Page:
Orphan-Village Projects - Northern Mozambique

Introduction
As a result of years of extreme poverty, rural children in remote northern Mozambique suffer more hardship, disease, and abuse than almost any other children in the world today.

One of the most hopeful Christian responses to this desperate situation has been developed over the past two years by Dr. Don Kantel, long-time Canadian missionary with Iris and Associate Director (under Heidi) of Iris’ huge Pemba Base. The Mieze Model for Village Transformation is named for the rural village of 20,000 where the prototype development has taken place…located about 20 minutes’ drive south of Pemba. This model is an official project of Iris Ministries Canada and has been generously supported by Canadian friends of Iris Ministries through gifts to IMC designated for Mieze and for subsequent village locations where the model is being applied. Through tears of joy, Iris visitors frequently cite their visit to Mieze as the most impacting and encouraging part of their whole time in Africa!

[Meize orphans]

The Mieze Model Vision
At the heart of the Mieze Model is a children’s village—the “Village of Love”—for nearly 40 resident orphans and vulnerable children. This is designed to take “the least of the least”—trapped in the dusty, hopeless cycle of extreme suffering and poverty—and raise and equip them to become effective Christian leaders for their nation and generation.

Our commitment to these children is to provide good, clean, safe accommodation in a loving Christian environment; good nutrition and safe drinking water; access to schooling; and adequate clothing and medical care, etc., as needed. The children’s spiritual development is as high a priority as their physical and material care. And the whole project is designed to demonstrate the goodness of God to an entire village which has only known spiritual darkness and oppression in the past.

[Water comes to Mieze!]

 

[A few of the Mieze orphan-home residents admiring their new bunk beds]

While the resident children in the Village of Love are the primary beneficiaries of the Mieze Model, several other aspects of the project are intended to release the blessing of God more widely into the whole community. These include the following:
    *provision of a potable water supply for villagers (Less than half the rural population in this northern Mozambican province of Cabo Delgado currently has access to clean drinking water!);
    *weekly medical outreaches that have ministered with medical care and prayer to over 5,000 villagers in the past two years;
    *a school access program which has provided necessary fees, uniforms, footwear and supplies for more than 200 village children previously unable to attend school for financial reasons;
    *a feeding program which provides food and infant formula for over 200 village orphans and vulnerable children; and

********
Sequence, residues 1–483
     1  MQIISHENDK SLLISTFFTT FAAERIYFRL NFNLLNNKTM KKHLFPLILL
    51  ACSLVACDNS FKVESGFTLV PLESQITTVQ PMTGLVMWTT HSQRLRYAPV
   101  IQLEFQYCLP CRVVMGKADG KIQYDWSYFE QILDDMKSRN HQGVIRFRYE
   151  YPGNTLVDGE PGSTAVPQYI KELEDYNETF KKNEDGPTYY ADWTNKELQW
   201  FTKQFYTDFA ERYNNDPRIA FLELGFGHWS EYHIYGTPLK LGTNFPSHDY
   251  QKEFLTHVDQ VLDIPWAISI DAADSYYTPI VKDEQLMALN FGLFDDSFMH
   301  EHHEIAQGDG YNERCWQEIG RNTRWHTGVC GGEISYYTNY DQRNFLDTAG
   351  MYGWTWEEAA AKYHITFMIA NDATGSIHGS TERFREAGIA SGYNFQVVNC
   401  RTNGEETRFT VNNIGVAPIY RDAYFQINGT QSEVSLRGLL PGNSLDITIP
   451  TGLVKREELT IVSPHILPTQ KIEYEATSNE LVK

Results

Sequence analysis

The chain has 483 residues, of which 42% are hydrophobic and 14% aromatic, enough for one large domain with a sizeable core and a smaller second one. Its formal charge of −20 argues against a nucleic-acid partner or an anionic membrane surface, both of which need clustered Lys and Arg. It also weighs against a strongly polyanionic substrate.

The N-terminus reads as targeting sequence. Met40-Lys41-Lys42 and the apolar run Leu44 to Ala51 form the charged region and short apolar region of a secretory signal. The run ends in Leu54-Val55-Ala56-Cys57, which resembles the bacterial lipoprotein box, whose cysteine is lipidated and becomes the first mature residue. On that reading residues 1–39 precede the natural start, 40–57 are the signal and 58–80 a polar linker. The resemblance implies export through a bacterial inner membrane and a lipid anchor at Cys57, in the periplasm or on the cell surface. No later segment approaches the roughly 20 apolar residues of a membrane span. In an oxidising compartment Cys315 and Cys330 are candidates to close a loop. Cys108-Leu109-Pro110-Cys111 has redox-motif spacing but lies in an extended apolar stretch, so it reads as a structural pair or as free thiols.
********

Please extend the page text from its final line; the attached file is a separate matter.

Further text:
*a children’s playground and a soccer field for village kids…most of whom have never even had a toy to play with before.

One of the obvious and dramatic results of this program at Mieze is that regular attendance at the Iris church in Mieze has tripled from 125 to over 350; and much of this recent growth has been children!

Mieze Model Timeline—Phase 1: Mieze Village
August 2006        Children’s Playground
September 2006    Weekly medical outreaches begun
January 2007        Potable water supply inaugurated
January-April 2007    God supernaturally multiplied food on three occasions    for Mieze village children!
May 2007    200 Mieze children commissioned as evangelists to their neighbours and village
November 2007    Nearly 40 orphans and vulnerable children moved into newly completed children’s village (*See Report below)
February 2008        Chicken farm inaugurated
March 2008        Goat farm inaugurated
May 2008        40-acre (16-hectare) farm acquired
October 2008    Construction of new church/community centre building (with a capacity of 500) using new eco-friendly hydraulic block-making machine

The following photos tell the 'stories' of the reality of where all of the children that Iris is working with through the Village projects have come from.  The poverty and utter simplicity of village life for the poor is devastating.

[Typical village setting]

[Villagers in simple, worn clothing. Life is very hard for poor Mozambicans, and especially for impoverished children]

[But that makes them respond with even greater excitement to the Good News that God loves them]

[Aerial view of Mieze children's village (centre, within line of fencing). Between the fence and the road is a new soccer field]

[Mieze church building -- the present Mieze church building is currently being replaced because the church has tripled in numbers since this "Mieze Model" Project began]

[The Mieze children's village, ("Village of Love") is home to nearly 40 orphans and vulnerable children]

[Eating and socializing area]

[A small chicken farm]

[Mieze goats -- goat farm]

[Mieze farmland and 40-acre fruit and vegetable farm help support the children's village]

[Chicken dinners -- the children get ready to enjoy the results of these farming activities, as well as learning important skills and life lessons]

[By contrast to the village settings they've come from, these kids are now looking forward to their future with hope (Jer 29:11)]

[School uniforms -- and all the kids of school age are now in school; whereas previously most were too poor to attend]

An overview of the Mieze Model for Village Transformation is available at http://web.mac.com/Kantels

*Below is the Report posted in November 2007 as the children were moving into their new home in the Village of Love.

November 2007 Report